But we do have an assignment that is unique in three ways: To reflect with civility and charity (how often you have heard those two words tonight) on the received faith in two distinctive ways:

(1) while voicing our difficulties in understanding and practicing the faith, and in trying to reach that deeper understanding that comes from wrestling with the faith; and

(2) while undergoing this struggle with those who disagree with us in matters of faith, learning common ground that does not yet exist as real assent. This is hard. People say that “family” is a place of harmony, but not in the real families that I know. Family may be the last place where real pluralism still exists in America, where at Thanksgiving or Christmas dinner with the whole extended family we sit down with some whose political views we can scarcely abide, whose views on gender and sex strike our ears like the sound of fingernails on a blackboard, and whose views on religion are hard to tolerate. In no discussions is it harder to be civil than in those in one’s own family. People who love each other wound each other most.

And the final distinctive feature in our work is that we are

(3) reflecting on the false readings given our compass by the magnetism of American culture. In every culture, in all times, such a magnetism adds new impetus to the faith, and also pulls the faith off line. All cultures partly advance, partly corrupt, the faith. In our culture, we have much to appreciate and to be wary of.

We are also fortunate to have at this moment a man serving as pope who is one of the greatest in the history of the Church. Mikhail Gorbachev recently wrote that the great events in Europe in 1989 and 1991 could not have happened without him. The world is very different today from the way Wojtyla found it when he became pope in 1978. He set out almost immediately to change it, in ways no other could possibly have done.

But this pope is also an unusually probing and challenging intellectual pope. Just in the last five years he has published five encyclicals—classics all, that will take a generation or two to digest. As Cardinal Mahony said earlier today, you no sooner plan to have a diocesan study day on one of them than a new one is out and everyone wants to talk about it. These are difficult, stretching, demanding encyclicals, more original in their philosophy than we are used to, and more deeply grounded in an almost mystical sense of Christ than we are accustomed to. Deep stuff, good stuff, arresting, toughminded, straight.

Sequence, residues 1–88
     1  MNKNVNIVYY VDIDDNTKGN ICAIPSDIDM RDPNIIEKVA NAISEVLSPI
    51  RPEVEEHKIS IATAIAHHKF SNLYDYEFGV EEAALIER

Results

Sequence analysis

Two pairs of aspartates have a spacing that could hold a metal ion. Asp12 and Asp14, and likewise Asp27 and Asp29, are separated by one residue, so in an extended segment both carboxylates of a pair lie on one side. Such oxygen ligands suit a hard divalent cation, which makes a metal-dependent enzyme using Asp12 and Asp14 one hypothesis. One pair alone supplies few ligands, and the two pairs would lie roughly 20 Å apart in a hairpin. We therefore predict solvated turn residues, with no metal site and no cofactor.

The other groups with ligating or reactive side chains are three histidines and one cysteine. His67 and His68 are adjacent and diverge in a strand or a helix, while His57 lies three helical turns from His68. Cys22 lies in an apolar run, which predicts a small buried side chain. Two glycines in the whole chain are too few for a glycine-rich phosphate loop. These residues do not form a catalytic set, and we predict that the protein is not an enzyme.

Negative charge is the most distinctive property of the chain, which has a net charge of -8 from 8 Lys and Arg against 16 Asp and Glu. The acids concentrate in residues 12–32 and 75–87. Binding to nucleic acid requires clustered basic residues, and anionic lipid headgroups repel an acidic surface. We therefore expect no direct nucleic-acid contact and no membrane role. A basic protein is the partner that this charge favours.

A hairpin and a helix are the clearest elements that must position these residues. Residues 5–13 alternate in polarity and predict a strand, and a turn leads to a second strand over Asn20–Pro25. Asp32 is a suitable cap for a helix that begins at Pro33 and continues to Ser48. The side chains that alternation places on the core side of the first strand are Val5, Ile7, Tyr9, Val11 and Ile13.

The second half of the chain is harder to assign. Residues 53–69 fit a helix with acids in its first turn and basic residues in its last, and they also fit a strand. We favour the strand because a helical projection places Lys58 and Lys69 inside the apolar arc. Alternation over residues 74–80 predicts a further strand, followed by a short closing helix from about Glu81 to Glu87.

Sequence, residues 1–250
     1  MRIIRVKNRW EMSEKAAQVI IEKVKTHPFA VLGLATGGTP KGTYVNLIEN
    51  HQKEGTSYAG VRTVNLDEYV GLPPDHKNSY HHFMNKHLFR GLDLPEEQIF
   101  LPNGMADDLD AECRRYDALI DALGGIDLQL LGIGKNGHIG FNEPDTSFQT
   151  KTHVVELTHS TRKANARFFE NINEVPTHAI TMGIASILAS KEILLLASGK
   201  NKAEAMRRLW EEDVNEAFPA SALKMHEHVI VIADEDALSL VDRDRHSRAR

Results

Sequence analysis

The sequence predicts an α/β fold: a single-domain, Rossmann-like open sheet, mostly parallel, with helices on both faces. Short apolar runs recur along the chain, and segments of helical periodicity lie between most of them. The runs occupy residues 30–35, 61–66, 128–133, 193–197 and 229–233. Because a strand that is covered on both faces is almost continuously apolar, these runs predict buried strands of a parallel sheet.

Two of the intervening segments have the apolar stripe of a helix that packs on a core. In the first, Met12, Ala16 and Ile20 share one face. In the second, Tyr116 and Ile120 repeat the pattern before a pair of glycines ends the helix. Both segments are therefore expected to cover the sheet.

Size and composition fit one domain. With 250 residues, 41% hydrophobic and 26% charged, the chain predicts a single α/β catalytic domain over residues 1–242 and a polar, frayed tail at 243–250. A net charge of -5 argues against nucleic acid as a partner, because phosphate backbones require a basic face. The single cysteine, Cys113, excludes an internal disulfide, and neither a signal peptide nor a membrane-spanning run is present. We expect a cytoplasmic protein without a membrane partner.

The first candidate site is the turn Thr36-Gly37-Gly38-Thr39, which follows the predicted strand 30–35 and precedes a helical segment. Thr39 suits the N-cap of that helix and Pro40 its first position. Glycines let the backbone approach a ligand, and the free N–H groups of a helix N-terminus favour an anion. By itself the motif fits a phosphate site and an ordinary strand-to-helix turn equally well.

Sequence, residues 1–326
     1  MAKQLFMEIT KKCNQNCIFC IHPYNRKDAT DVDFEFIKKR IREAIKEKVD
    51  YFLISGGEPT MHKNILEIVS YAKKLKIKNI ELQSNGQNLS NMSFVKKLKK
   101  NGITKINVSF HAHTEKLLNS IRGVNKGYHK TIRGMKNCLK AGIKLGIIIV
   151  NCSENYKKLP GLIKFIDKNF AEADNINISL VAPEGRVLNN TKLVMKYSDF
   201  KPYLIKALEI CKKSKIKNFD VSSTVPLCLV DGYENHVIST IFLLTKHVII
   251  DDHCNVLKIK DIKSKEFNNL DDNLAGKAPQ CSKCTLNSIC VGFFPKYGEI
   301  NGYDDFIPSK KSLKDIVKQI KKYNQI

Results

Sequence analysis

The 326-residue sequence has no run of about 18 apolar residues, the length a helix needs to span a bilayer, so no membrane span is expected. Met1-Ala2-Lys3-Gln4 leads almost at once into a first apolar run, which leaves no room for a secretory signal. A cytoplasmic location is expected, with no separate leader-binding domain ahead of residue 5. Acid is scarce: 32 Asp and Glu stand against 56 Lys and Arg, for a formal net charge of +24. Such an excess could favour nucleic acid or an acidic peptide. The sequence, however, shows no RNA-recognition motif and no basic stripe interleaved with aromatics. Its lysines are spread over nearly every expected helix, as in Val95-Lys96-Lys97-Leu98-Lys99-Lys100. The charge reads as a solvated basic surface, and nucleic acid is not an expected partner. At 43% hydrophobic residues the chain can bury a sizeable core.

And then, besides, this pope has also just published two great bestsellers—bestsellers in more than a dozen languages: the Catechism, a beautifully written statement of our faith; and a book of his own personal reflections (the first time a pope has ever published something like that, with almost two million copies sold in the United States alone). Not all the theologians in the world put together, perhaps, have sold as many books as John Paul II.

This pope himself has called for initiatives to prepare for the coming of the third millennium. He offers a framework for such initiatives—indeed, a three-year program: to reflect together (all around the world) on what our faith demands of us in changes in ideas and life, in various parts of our lives.

With all my colleagues, I thank Cardinal Bernardin for expending the vision and the energy to call forth this Common Ground Initiative, as we prepare for the third millennium. It is a sign of great imagination and generosity of spirit.

  • Michael Novak

    Michael Novak (1933-2017) founded Crisis Magazine with Ralph McInerny in 1982. He held the George Frederick Jewett Chair in Religion and Public Policy at the American Enterprise Institute and was a trustee and visiting professor at Ave Maria University. In 1994, he received the Templeton Prize for Progress in Religion. He was also an emissary to the United Nations Human Rights Commission and to the Conference on Security and Cooperation in Europe.